He adds that when the directors of RMPS requested explanations for the lack of profits, they were initially granted access to company documents, but this was stopped when discrepancies were discovered. They then requested a forensic audit, but were told there were no funds for this. RMPS later discovered that an amount of R25 million had been taken out of Katenge and paid to another Tubular company, Tubular Construction Projects (TCP), without board approval.
RMPS then approached Edward de la Pierre of the SA Litigation Funding Company (Salfco) to investigate possible irregularities at Katenge. It was at this point that TTC applied for the liquidation of Katenge “on the false allegation that (Katenge) had been indebted to it to the amount of R32 million”, says the liquidation application. The attempted liquidation failed, and agreement was reached last year between the disputing parties. This resulted in in TTC agreeing to pay RMPS R35 million in outstanding dividends.
Tungande also claims that TTC diverted a R500 million contract from Kalagadi Manganese away from Katenge, and so deprived it of its 30% share in a R100 million profit. To avoid the need for drawn-out litigation, RMPS and Salfco decided to enter settlement negotiations with TTC, which agreed in October 2017 to pay RMPS R35 million in outstanding dividends as a full and final arrangement.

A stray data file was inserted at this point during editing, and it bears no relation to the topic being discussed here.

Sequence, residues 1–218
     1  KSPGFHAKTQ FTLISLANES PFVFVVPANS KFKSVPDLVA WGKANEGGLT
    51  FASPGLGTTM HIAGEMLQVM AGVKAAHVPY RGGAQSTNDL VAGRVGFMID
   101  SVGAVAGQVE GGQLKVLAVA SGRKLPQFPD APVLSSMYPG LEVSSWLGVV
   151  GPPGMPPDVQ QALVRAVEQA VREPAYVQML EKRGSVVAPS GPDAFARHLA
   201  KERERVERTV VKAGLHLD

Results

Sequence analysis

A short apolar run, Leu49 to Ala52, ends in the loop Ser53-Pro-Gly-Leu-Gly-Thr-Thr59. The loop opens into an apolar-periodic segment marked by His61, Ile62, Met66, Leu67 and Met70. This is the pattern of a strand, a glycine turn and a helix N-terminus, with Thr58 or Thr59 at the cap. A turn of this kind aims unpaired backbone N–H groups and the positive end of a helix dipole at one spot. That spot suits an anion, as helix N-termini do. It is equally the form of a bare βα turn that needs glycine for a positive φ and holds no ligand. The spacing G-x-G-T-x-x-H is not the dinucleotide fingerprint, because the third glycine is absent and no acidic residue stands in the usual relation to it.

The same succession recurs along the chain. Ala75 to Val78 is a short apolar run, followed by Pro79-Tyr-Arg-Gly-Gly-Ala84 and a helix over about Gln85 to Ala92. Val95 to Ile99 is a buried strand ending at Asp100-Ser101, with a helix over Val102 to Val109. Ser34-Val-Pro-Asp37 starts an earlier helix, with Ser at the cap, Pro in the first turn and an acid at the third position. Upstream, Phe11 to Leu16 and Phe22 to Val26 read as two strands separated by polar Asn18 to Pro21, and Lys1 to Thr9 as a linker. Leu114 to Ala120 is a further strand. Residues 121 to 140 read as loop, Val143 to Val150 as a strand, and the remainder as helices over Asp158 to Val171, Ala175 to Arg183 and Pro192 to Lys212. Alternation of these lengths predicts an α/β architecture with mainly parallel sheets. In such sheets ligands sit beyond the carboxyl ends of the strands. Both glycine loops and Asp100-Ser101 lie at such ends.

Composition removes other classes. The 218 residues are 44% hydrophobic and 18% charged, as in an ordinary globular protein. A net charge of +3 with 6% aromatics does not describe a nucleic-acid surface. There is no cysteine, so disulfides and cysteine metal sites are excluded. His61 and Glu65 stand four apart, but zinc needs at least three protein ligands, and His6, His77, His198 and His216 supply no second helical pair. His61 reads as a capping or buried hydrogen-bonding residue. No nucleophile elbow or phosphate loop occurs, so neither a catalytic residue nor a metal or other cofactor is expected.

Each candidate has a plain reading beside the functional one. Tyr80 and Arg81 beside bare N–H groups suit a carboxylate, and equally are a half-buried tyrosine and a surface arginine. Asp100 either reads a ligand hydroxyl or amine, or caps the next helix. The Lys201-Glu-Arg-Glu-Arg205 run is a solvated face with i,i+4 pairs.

Also in the court papers, TTC, after paying R11 million of the R35 million it agreed to pay, says it stopped paying dividends to RMPS on the grounds that the agreement was illegal and unenforceable, being a product of extortion on the part of RMPS and others. This is denied by Tungande. TTC also claims the agreement to pay RMPS had been entered into as a result of threats to undermine the viability of TTC, and that RMPS had allegedly disclosed the terms of the agreement “contrary to the undertakings given therein”.
“The alleged extortion by RMPS is untrue. The settlement agreement was concluded to pay RMPS its share of the profit which had been concealed from RMPS through TTC’s fraud,” says Tungande’s affidavit.
TTC has proposed arbitration as a means to settle the question as to the enforceability of the settlement agreement reached last year. Tungande says this is a delaying tactic by TTC. Either it pays RMPS the amount of R35 million as determined in the settlement agreement or, if the agreement is unenforceable, it pays the true profit.
In correspondence dated February 1, 2017, from Werksmans, TTC’s attorneys, it is claimed that Katenge did not have a contract with Kalagadi Manganese, nor did it perform any work or earn any revenue from this project. Yet Tungande’s affidavit makes clear that it was Katenge, not TTC, that tendered for the Kalagadi project. Further admission that Katenge was a rightful claimant to any profit from the project was the fact that the settlement agreement of October 2017 between the parties included profit from Kalagadi – contrary the assertions by TTC.
Tungande says any attempt to recover monies owed through the normal debt recovery process could take years. Hence the only valid remedy available to it is to apply to the court for provisional liquidation of TTC.
Disclaimer - The views expressed here are not necessarily those of the BEE CHAMBER